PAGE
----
As I continue my research, I hope to uncover more connections. Information like this and the general discussion about this subject will hopefully help foster acceptance and begin to dissuade the isolation that AAE speakers experience by simply trying to communicate.

AAE is beautiful. Just as its speakers are, just as the struggles they triumph over are, just as their ancestral homeland is.

 

Endquote

 

Get involved

Nuri is conducting a survey to gather opinions on AAE. It is open to all, from AAE speakers to those who are learning about it for the first time. Find it by clicking here. The survey is open until the end of August.

To follow along with Nuri’s research, visit nuritypes.tumblr.com.

 

All images designed by Nuri Abdur-Rauf

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World-a-Reggae: International Poster Exhibition hosted by Live Unchained

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Live Unchained hosted an international reggae poster exhibition at the Embassy of Jamaica in Washington, DC. Featuring the best from over 2,000 entries from 90 countries, you're in for a visual treat.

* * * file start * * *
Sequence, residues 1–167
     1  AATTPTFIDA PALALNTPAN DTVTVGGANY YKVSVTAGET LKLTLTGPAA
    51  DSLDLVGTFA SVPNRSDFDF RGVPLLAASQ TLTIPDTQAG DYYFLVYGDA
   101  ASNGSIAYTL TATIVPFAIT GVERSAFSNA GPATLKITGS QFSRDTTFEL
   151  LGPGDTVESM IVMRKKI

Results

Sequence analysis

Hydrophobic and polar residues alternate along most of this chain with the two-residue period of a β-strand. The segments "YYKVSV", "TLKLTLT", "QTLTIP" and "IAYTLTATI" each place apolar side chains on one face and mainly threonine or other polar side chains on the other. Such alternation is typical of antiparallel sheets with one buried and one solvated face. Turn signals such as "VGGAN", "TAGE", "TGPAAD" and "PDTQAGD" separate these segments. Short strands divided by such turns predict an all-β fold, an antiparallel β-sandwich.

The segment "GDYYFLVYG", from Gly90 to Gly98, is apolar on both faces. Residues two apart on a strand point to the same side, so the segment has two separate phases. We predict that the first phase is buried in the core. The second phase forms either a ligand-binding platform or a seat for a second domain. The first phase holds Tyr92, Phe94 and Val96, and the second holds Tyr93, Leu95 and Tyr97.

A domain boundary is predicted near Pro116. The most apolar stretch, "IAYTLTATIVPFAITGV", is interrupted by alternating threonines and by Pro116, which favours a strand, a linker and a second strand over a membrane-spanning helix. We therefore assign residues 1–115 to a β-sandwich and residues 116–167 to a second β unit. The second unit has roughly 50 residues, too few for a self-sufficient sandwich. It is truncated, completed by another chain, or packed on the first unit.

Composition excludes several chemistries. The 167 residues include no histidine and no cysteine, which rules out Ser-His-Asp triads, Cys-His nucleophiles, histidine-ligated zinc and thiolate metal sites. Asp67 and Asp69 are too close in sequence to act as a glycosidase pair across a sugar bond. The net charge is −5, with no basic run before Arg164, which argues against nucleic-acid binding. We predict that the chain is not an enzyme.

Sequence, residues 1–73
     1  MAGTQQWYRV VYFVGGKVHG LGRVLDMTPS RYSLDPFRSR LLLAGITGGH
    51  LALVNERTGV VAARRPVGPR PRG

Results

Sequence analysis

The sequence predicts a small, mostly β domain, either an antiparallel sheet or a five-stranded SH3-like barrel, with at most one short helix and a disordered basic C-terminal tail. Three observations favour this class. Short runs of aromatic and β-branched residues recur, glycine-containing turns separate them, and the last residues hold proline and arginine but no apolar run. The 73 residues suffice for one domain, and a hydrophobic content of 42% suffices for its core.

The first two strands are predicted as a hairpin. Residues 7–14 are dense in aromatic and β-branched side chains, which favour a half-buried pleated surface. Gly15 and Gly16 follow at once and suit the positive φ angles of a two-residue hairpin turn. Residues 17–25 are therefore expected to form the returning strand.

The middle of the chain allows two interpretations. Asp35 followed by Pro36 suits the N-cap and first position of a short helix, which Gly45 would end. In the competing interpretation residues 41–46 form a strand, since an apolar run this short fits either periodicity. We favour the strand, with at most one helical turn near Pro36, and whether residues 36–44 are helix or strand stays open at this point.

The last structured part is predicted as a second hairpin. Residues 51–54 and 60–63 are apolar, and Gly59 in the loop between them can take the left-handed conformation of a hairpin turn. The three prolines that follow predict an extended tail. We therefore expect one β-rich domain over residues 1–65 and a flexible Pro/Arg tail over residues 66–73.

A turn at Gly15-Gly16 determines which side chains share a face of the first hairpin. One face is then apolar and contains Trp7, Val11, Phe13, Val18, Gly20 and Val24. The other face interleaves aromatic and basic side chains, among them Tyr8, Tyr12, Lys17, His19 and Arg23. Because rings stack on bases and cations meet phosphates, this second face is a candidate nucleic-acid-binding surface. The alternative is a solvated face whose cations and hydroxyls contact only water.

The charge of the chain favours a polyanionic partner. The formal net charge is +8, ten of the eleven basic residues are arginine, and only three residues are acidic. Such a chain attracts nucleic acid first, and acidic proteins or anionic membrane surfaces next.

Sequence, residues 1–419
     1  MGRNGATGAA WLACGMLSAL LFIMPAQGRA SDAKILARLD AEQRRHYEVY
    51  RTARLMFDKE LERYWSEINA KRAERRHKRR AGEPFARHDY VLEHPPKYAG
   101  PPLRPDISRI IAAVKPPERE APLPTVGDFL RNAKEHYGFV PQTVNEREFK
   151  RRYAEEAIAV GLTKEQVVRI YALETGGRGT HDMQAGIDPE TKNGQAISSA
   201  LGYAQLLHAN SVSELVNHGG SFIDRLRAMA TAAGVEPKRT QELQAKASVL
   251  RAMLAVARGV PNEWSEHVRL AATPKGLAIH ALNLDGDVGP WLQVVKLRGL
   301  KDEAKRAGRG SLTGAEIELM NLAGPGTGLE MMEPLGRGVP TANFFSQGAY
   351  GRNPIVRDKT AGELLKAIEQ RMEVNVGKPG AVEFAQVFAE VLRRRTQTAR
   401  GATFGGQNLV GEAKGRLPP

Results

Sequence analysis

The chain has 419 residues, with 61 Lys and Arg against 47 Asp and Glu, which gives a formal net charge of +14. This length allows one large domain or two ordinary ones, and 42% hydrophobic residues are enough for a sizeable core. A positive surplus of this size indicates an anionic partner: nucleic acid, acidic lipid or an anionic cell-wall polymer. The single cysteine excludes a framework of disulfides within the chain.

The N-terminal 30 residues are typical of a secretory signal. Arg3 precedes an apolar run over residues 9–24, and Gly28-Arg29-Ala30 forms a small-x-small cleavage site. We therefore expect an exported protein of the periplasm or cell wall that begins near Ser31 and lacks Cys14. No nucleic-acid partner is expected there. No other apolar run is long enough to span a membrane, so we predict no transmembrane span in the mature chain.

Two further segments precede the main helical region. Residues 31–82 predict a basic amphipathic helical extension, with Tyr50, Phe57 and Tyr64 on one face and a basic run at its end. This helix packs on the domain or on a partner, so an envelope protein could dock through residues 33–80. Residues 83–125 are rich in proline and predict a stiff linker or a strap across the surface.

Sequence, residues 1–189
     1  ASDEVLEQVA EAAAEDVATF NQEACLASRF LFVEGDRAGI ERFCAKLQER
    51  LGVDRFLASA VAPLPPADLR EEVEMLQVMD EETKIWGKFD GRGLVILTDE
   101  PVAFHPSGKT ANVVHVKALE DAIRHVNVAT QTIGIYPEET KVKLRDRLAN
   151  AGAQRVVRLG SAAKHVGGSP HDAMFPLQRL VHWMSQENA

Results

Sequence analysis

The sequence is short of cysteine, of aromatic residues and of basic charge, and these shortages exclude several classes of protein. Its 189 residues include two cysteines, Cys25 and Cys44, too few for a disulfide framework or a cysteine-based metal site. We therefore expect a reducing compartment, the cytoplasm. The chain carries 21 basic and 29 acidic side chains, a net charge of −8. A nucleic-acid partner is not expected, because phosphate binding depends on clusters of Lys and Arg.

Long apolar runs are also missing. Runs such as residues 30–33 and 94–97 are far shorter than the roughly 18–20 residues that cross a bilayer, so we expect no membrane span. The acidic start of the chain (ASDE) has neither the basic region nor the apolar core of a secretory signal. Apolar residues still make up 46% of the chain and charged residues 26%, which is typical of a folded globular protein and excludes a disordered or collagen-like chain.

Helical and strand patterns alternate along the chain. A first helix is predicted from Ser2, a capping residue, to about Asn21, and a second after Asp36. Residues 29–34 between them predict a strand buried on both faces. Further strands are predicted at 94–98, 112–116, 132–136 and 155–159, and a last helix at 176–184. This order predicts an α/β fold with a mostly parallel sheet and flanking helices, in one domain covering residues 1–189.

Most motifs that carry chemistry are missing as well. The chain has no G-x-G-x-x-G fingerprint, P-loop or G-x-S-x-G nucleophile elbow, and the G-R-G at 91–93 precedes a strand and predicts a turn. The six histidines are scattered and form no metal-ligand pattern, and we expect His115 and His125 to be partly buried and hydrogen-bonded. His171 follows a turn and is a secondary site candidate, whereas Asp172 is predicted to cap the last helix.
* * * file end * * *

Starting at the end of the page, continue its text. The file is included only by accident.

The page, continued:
Here are just a few pieces from last year and this year's exhibition:

 

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[Inspired] For the Love of Collage

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I managed to check out the Ellen Gallagher AxME exhibition at London's Tate Modern gallery before it ended at the start of this month. I left making plans about how I was going to find some time, somewhere, to indulge in one of my favourite creative pastimes – collage. 

Why do I love collage so? It can be so many things at the same time: ornate and gritty, playful and provocative. For me, the process is quite cathartic – it forces me to relinquish control because, the end result is rarely close to what I expected or planned. Plus, I do like to get my hands dirty!

Here are some pieces from some artists whose work I'm enjoying …

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Buy African: President for Life Boxer Shorts